In the early days of this blog, I wrote a post about how my son would stand beside my bed and wake me up with his heavy breathing whenever he needed something in the middle of the night. It was pretty unnerving. Since then, he has changed his methods a couple of times, leading me to the conclusion that there is no good way for him to wake me up in the middle of the night.
For a while, the boy gave up coming into the room at all when he wanted to wake me. We leave our door ajar at night. He would stand in the hall and put his mouth up to the crack and urgently whisper, “Daddy!” as many times as necessary to rouse me. This resulted in a higher than normal rate of bad dreams for me.
Even when his call did not penetrate my dream world, it woke me with disturbing thoughts. You’d be surprised how similar a child’s loud whisper of “Daddy!” sounds to the gravelly bellow of a demon-possessed house commanding you to “Get out!” when you are half asleep.
He must have trained me to become a heavier sleeper. You can only lie on pins and needles for so long, waiting for an unearthly voice either to ask for a drink of water or demand that you offer your soul to Satan. Eventually, you learn to sleep through it.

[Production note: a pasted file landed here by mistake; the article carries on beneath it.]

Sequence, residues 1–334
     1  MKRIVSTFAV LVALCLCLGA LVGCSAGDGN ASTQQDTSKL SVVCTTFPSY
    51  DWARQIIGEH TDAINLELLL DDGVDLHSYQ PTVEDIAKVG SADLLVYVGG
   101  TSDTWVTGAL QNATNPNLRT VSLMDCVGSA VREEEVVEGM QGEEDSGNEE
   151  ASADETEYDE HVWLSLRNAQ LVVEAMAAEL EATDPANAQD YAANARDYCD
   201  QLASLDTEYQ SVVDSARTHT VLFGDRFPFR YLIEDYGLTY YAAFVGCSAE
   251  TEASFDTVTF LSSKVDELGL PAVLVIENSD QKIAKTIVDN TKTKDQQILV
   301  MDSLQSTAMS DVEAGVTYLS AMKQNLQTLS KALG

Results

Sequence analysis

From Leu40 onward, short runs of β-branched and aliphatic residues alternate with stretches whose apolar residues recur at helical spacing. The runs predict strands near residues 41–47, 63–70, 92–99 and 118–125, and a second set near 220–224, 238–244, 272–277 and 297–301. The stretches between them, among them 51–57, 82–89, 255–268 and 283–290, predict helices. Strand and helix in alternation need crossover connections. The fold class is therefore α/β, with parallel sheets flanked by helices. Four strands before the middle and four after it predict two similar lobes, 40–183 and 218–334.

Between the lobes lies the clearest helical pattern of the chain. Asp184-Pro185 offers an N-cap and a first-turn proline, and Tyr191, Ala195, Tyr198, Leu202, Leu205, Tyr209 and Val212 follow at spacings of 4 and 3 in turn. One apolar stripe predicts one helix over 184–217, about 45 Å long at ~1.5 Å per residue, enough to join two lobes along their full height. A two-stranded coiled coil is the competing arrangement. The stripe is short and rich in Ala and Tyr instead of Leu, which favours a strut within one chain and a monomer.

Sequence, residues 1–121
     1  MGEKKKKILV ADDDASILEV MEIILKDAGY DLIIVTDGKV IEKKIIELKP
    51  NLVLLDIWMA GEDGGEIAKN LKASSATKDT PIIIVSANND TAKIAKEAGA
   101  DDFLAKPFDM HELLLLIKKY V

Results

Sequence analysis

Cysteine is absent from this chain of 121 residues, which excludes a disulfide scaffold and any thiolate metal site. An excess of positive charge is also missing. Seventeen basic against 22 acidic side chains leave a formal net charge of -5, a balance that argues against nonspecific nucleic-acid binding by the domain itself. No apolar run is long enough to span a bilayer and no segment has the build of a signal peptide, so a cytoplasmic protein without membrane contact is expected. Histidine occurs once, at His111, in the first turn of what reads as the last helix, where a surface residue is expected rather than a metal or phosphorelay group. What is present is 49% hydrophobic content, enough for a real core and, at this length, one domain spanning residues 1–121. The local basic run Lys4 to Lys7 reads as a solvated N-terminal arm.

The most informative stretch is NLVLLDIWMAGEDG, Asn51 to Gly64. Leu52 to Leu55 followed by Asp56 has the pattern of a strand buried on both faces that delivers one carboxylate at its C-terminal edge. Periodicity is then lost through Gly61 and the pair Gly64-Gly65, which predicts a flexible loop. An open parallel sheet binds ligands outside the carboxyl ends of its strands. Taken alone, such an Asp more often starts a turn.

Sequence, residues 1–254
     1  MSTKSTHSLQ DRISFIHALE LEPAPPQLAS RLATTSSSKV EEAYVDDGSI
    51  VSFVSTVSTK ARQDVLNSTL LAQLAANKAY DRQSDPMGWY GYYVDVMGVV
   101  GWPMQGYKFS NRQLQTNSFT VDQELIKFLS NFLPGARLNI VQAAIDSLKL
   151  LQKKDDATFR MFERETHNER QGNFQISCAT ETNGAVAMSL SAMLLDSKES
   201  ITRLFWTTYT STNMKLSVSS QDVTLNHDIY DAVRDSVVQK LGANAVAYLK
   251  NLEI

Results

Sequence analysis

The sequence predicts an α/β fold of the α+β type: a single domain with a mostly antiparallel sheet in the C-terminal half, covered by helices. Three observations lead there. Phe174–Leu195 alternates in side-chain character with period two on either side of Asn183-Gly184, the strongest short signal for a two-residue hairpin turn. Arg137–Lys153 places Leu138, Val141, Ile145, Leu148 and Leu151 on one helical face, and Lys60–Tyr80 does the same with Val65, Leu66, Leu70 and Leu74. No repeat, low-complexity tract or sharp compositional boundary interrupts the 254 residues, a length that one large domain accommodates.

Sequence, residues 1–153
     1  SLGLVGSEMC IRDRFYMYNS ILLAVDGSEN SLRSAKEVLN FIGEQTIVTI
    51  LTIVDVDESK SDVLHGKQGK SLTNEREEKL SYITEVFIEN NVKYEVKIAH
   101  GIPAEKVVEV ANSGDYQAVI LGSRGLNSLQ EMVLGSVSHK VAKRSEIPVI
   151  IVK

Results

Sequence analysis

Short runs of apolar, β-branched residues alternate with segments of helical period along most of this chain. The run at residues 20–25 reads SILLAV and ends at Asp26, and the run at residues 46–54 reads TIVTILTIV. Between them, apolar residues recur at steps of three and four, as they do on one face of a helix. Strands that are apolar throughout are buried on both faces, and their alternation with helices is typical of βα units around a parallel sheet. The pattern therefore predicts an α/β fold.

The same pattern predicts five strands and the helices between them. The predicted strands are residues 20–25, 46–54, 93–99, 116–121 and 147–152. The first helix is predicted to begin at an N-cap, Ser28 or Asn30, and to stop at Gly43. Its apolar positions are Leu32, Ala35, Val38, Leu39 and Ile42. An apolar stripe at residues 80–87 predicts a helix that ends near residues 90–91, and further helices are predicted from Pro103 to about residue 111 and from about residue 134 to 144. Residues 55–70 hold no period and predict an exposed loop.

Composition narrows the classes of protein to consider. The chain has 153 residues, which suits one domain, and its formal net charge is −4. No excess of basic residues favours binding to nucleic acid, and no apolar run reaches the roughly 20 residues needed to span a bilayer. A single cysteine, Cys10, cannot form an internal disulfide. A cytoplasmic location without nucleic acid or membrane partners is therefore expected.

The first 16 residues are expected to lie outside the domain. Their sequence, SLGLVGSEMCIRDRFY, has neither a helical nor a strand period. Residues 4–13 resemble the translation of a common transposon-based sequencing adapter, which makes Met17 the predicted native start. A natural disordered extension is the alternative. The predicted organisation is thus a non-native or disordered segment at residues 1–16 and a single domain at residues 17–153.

Consequently, the boy doesn’t stop at the door anymore. He’s back to standing beside the bed. Only now, he is more direct about waking me up.
My wife sleeps on a particular side of our bed. That is the only side of me that somebody should be on. When a finger taps me from the other direction at 3 a.m., it can lead to some instant wakefulness.
When this exact event occurred, the other night, I did a remarkably athletic 180 degree flip beneath the covers. Thankfully, I recognized the silhouette of my pint-sized tormentor in the darkness. “What the hell are you doing here?” I bellowed. The curse must be blamed upon my semi-conscious condition. The fact that I was able to refrain from dropping an F-bomb must be credited to my superior parenting instincts.
My wife was bolted awake by my jujitsu move. “You scared the hell out me!” she shouted at one or both of us. She was also semi-conscious, and is a superior parent.
“I want you to make my bad dream go away,” the boy explained.
“Well, you shouldn’t have it anymore, because you just passed it on to me.” I didn’t say this; my wife didn’t say this; we were both thinking it.
We let him lie down with us until he fell asleep. Then we put him in his own bed. He reported no more bad dreams. I guess that means everything worked out okay, except that now I have to sleep always facing toward the outside of the bed.